First English edition of the Nuremberg chronicle: being the Liber chronicarum of Dr. Hartmann Schedel…
FOLIO LI verso

Treviso (Taruisium), a city lying in the March of Treviso, was at this period (as Sicardus the bishop of Cremona states) founded by some Trojans. The city is divided by the river Sile that flows out of the mountains nearby, and by this and other rivers, having their sources there; it is watered and rendered productive. Treviso is said to have originated in the time of the Ostrogoths, and was then as it appears today; for the father of Totila, the king, made it his royal seat. Totila was the fifth king of the Ostrogoths, and a very distinguished man. He was born and brought up a Treviso. But thereafter, in the beginning of the Lombard kingdom, Alboin, the king of the same, went into Italy, and Aquileia and other cities surrendered to him. Treviso, however, was slow in doing so, and he decided to plunder and destroy it. Felix, the bishop of the city (as Gregory writes), a wise and fearless man and native of Ravenna, was not to be intimidated by the king's grimness. This city was also graced with another distinguished bishop, named Hermalao, who (as becomes a bishop) was more interested in being useful to his people than in merely lording over them. And while the whole March of Treviso was named after this city, yet I believe this was merely due to awkwardness in the use of the name; for in this region are other large cities like Verona and Padua, which excelled Treviso in reputation, power, and wealth. The Lombards possessed a large share of the lands of Italy and among them were four duchies; but in these their sons and grandsons had no lawful rights of inheritance. These were the Beneventian, Spoletanian, Taurinian and Floriaulian regions; also two others, namely the Anconitanian and Trevisian regions, of equal rank with the aforesaid in size and wealth, and held upon condition that whosoever should attain to the kingship with the consent of the king, or through a general assembly of the Lombard people, should have the right and power to pass the lordship on to his sons or other male issue by inheritance. This city, like Padua, did not escape the ravages of Celim and his brother Alberti of Rumano, at whose hands it suffered innumerable troublesome attacks, worries, and sorrows.[ The ancient Tarvisium lay off the main roads, and was not often mentioned by the ancients. In the sixth century it appeared to be an important place and was the seat of a Lombard duke. Charlemagne made it the capital of a marquisate. It joined the Lombard league and was independent after the peace of Constance (1183) until in 1339 it came under the Venetian sway. From 1318 it was for a short time the seat of a university. Its walls and ramparts were renewed under the direction of Fra Giocondo (1509). Treviso was taken in 1797 by the French under Mortier (duke of Treviso). In March 1848, the Austrian garrison was driven from the town by the revolutionary party, but in the following June the town was bombarded and compelled to capitulate. The modern Treviso is the Episcopal see of Venetia, and capital of the province of Treviso. It is situated on the plain between the Gulf of Venice and the Alps, and is eighteen miles by rail from Venice, at the confluence of the Sile and the Botteniga. The former flows partly around its walls, the latter through the town, and it has canal communication with the lagoons. It contains many fine works of art.]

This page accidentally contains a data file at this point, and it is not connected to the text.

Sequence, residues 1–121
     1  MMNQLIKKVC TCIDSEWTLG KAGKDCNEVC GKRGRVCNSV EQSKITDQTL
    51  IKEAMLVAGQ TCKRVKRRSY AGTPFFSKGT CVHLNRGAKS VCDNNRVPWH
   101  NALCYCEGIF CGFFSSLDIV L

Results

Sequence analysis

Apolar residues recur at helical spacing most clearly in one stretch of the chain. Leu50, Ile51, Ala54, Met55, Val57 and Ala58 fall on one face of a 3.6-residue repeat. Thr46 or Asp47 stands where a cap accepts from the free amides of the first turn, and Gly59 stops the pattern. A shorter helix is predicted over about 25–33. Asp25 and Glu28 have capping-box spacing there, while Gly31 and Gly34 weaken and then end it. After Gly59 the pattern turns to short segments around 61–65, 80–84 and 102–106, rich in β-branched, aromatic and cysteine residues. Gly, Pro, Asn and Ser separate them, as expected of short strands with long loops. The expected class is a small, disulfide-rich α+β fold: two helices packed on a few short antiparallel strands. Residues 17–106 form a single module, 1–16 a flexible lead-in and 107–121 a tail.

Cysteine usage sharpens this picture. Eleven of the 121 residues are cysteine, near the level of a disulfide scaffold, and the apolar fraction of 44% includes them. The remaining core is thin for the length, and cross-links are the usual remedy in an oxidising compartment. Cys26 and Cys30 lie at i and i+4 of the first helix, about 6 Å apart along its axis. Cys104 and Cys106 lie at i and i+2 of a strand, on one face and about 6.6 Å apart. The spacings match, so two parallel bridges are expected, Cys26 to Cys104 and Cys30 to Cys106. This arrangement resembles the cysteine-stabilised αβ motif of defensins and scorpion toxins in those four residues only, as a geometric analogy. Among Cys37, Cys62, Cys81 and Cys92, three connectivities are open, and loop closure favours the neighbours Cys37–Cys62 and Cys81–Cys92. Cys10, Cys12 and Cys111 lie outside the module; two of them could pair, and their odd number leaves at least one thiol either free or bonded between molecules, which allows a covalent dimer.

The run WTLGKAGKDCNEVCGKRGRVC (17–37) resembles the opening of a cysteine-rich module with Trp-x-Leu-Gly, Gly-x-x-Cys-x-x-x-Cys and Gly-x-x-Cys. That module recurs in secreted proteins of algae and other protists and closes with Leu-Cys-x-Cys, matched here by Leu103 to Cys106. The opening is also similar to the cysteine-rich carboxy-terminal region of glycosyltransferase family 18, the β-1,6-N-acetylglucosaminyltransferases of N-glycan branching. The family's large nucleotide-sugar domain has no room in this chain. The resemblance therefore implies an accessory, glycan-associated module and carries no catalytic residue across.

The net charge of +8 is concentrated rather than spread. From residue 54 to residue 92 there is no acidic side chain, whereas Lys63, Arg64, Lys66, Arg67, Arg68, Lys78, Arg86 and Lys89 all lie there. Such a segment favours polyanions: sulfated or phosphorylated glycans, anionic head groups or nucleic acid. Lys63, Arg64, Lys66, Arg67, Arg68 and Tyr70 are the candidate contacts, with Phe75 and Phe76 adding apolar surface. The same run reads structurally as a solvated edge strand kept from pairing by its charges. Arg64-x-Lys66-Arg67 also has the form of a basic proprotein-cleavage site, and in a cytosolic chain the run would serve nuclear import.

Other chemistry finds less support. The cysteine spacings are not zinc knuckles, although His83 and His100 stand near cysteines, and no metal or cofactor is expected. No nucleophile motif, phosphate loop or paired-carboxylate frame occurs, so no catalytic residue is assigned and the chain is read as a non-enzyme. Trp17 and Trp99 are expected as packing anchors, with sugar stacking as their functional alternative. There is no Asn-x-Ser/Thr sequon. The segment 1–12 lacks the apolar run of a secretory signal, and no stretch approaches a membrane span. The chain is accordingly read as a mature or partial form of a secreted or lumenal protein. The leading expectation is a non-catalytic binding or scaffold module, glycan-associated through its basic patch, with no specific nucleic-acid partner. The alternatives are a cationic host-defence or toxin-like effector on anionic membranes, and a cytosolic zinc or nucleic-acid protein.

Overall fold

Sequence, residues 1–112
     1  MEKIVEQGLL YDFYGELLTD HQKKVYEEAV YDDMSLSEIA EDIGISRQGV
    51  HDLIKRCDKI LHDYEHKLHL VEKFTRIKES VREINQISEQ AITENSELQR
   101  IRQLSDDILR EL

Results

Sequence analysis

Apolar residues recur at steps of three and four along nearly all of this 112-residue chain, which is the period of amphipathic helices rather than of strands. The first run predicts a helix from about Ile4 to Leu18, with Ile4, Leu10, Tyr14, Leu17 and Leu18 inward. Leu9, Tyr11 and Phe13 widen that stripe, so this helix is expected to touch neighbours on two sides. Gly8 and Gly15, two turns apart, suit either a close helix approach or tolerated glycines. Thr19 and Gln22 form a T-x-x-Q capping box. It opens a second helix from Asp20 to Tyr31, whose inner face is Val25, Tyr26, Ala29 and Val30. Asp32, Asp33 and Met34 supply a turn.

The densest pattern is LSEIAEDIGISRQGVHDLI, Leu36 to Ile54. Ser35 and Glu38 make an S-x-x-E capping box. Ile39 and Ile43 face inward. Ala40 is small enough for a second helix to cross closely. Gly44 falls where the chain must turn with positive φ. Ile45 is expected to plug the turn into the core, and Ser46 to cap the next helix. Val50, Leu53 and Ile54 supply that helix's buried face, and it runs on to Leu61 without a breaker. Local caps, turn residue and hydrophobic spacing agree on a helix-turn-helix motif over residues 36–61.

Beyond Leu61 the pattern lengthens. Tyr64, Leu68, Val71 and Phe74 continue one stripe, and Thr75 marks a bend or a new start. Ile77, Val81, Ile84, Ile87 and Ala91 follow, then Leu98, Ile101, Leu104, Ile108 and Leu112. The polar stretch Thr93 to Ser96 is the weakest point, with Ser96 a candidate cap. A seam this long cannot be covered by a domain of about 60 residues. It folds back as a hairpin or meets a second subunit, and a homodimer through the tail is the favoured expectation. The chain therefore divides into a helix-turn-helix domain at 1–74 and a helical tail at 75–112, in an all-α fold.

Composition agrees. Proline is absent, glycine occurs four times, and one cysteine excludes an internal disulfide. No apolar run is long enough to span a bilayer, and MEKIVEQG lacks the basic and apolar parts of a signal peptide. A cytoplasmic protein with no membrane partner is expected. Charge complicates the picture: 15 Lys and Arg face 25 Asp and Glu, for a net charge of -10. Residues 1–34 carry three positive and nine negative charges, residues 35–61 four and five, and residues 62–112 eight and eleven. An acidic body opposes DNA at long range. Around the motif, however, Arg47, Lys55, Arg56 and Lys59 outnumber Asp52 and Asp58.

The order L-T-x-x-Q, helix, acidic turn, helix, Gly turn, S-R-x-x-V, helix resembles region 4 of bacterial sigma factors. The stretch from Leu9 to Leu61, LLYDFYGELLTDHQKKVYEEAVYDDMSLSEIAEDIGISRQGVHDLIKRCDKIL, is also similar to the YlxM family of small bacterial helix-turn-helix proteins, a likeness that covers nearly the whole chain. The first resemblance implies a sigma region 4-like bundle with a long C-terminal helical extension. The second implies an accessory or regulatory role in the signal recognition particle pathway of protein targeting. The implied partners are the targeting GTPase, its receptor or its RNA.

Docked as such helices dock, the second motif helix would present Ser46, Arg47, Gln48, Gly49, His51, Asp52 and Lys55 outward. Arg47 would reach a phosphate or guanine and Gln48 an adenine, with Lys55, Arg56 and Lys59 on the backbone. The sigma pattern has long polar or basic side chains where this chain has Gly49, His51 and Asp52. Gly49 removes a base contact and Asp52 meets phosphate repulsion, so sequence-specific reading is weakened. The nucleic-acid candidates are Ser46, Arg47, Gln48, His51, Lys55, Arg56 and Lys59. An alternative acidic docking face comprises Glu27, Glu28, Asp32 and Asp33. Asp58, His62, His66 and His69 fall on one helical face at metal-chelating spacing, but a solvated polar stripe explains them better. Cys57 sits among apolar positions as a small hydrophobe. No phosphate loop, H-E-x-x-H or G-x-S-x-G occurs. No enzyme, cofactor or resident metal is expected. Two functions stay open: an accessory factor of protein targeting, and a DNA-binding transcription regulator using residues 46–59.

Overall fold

The ancient city of Travisium (now Treviso) is represented by a woodcut that was used to represent Paris at Folio XXXIX recto.